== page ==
An Irish woman remembers first encounter with racism in America.Thinkstock

In 1989, with no work and no hope of it, I left Ireland. I was a bit of a cliché, a well-educated twenty-something Irish immigrant who had over-stayed her welcome in America and found a job in a bar. With my broad Antrim accent and the right amount of naiveté about Arizona, I was the main source of entertainment for the men who had just come off the day-shift. I charmed them with what they considered an Irish brogue, and the more alcohol I served up, the more they wanted to tell me all about their Irish roots.

This was before micro-breweries were de rigueur. Still, I was overwhelmed by the variety of beer in its variously colored cans. To help me out, the regulars indulged me, “Hey Irish,” they’d beckon and then order rounds by color: “Gimme three silver bullets, a red and blue, two white and blue, and two yellow.”

Around 3:30 every day, the man I eventually married and the others gathered around what I considered "cynics corner" at the end of the bar. We would have fit in handily on the cast of “Cheers.” Ken always arrived first to find his beer waiting for him - white and blue. Then I would position myself behind the bar, right across from him and nonchalantly wrap silver-ware in paper napkins, exchanging quips and innuendoes without making eye-contact, because when I did, I blushed.

No, Ken wasn't the fictional Sam Malone, Cheers bar-owner erstwhile recovering alcoholic and former Red Sox player with a little black book full of women’s names and numbers. Ken didn’t need a team of writers, and I never met a woman who wasn't charmed by him. I wasn’t Diane Chambers (well, maybe just a little) but the chemistry between us was undeniable and more than made up for the lack of compatibility. I know that now more than ever.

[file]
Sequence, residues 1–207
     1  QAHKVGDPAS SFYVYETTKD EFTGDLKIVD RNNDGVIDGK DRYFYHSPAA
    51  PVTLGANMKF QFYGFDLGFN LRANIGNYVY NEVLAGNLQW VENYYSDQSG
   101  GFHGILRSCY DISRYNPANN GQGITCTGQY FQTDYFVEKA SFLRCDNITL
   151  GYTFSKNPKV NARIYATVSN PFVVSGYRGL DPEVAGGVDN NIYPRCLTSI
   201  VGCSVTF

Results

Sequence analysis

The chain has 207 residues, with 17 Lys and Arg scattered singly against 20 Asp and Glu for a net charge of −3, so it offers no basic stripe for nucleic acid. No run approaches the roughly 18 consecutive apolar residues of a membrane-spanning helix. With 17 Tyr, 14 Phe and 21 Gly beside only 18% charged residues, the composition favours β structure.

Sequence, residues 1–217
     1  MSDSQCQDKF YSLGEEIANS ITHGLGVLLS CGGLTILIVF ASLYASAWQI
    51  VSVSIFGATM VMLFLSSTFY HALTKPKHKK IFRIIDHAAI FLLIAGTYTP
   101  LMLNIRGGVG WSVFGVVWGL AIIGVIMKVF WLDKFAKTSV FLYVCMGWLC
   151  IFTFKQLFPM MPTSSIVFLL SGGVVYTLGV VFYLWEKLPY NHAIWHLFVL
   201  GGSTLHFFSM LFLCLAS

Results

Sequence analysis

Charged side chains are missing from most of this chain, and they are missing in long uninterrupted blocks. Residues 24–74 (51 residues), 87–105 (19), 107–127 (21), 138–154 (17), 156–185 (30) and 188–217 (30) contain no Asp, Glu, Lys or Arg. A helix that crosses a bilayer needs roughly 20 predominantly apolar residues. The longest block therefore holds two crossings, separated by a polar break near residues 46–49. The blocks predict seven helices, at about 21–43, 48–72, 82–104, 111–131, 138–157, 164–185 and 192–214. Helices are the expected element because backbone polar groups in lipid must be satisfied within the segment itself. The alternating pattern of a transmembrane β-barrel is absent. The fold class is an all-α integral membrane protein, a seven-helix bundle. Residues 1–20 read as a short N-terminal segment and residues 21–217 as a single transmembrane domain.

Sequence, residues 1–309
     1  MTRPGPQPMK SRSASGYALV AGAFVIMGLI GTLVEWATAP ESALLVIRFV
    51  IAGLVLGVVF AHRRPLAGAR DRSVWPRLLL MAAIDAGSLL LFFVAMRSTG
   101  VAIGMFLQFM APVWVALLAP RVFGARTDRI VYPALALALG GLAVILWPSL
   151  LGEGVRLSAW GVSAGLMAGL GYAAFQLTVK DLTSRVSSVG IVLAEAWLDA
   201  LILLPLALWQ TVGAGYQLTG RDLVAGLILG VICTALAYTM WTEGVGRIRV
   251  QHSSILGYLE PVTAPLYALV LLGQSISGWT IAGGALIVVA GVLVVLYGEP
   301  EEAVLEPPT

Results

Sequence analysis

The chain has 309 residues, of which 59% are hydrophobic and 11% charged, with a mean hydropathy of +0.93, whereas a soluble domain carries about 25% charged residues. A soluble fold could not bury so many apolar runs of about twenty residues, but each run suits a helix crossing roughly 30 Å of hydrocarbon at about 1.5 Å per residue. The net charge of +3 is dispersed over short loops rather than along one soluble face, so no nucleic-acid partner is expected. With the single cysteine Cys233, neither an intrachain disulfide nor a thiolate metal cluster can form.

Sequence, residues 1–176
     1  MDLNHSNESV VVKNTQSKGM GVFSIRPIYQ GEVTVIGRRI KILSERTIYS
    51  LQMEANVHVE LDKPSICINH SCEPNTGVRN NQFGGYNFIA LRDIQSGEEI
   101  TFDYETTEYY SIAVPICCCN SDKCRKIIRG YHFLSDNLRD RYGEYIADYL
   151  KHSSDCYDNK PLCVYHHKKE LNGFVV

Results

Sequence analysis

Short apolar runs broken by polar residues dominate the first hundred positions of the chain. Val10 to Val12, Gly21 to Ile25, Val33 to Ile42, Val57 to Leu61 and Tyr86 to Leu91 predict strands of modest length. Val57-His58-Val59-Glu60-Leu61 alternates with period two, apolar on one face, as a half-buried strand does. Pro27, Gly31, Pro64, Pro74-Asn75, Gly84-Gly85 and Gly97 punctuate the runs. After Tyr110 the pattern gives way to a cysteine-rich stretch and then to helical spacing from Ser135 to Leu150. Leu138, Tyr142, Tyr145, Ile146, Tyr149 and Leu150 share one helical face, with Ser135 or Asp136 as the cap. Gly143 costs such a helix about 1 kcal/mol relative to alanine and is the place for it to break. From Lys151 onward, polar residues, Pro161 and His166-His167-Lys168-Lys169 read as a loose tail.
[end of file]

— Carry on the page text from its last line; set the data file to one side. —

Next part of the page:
But in the mornings, the bar was quiet, with only a few customers coming in after they'd worked the grave-yard shift. One of them was Cliff. He was tall and handsome with a million dollar smile, and Cliff was black. Like the other regulars, he teased me about my accent, about Ken (everyone did), and he asked me endless questions about Ireland, if it was really that green over there and how could it be that a nice girl like me with a college education was working in a dump like this.

One morning, Cliff came in as I was getting a hasty tutorial from the bartender on how to make cocktails. She had decided it was high time I graduated from serving beer in colored cans to making mixed drinks, so by 10 o'clock that morning, there was a long row of dubious cocktails waiting for anyone interested. These were drinks I had never heard of before, given my origins in a country where as long as the pub had Guinness, Powers for a hot whiskey and Hendricks for a gin and tonic, I was grand. But that morning I was deep in a learning curve, familiarizing myself with popular highball cocktails that every bartender should know and then the lowball cocktails favored by some of the locals, like the Mudslide which Bobby, on a Friday night, ordered for everyone in the bar. There were never enough shot-glasses.

Rather than serving up his regular bourbon, I thought Cliff might like to try out some of my creations. "So, what's your pleasure?" I asked. "Perhaps a Tequila Sunrise or a Salty Dog or even a Long Island Iced Tea will sort you out for the rest of the day." I don't remember what he chose, but he thought it was very funny that I had written down all the recipes and that I was planning to learn them all "by heart," the way you would a catechism. While Cliff drank one of my concoctions, we chatted about nothing important - how hot it was already that summer morning, what my plans were for the weekend, that kind of thing.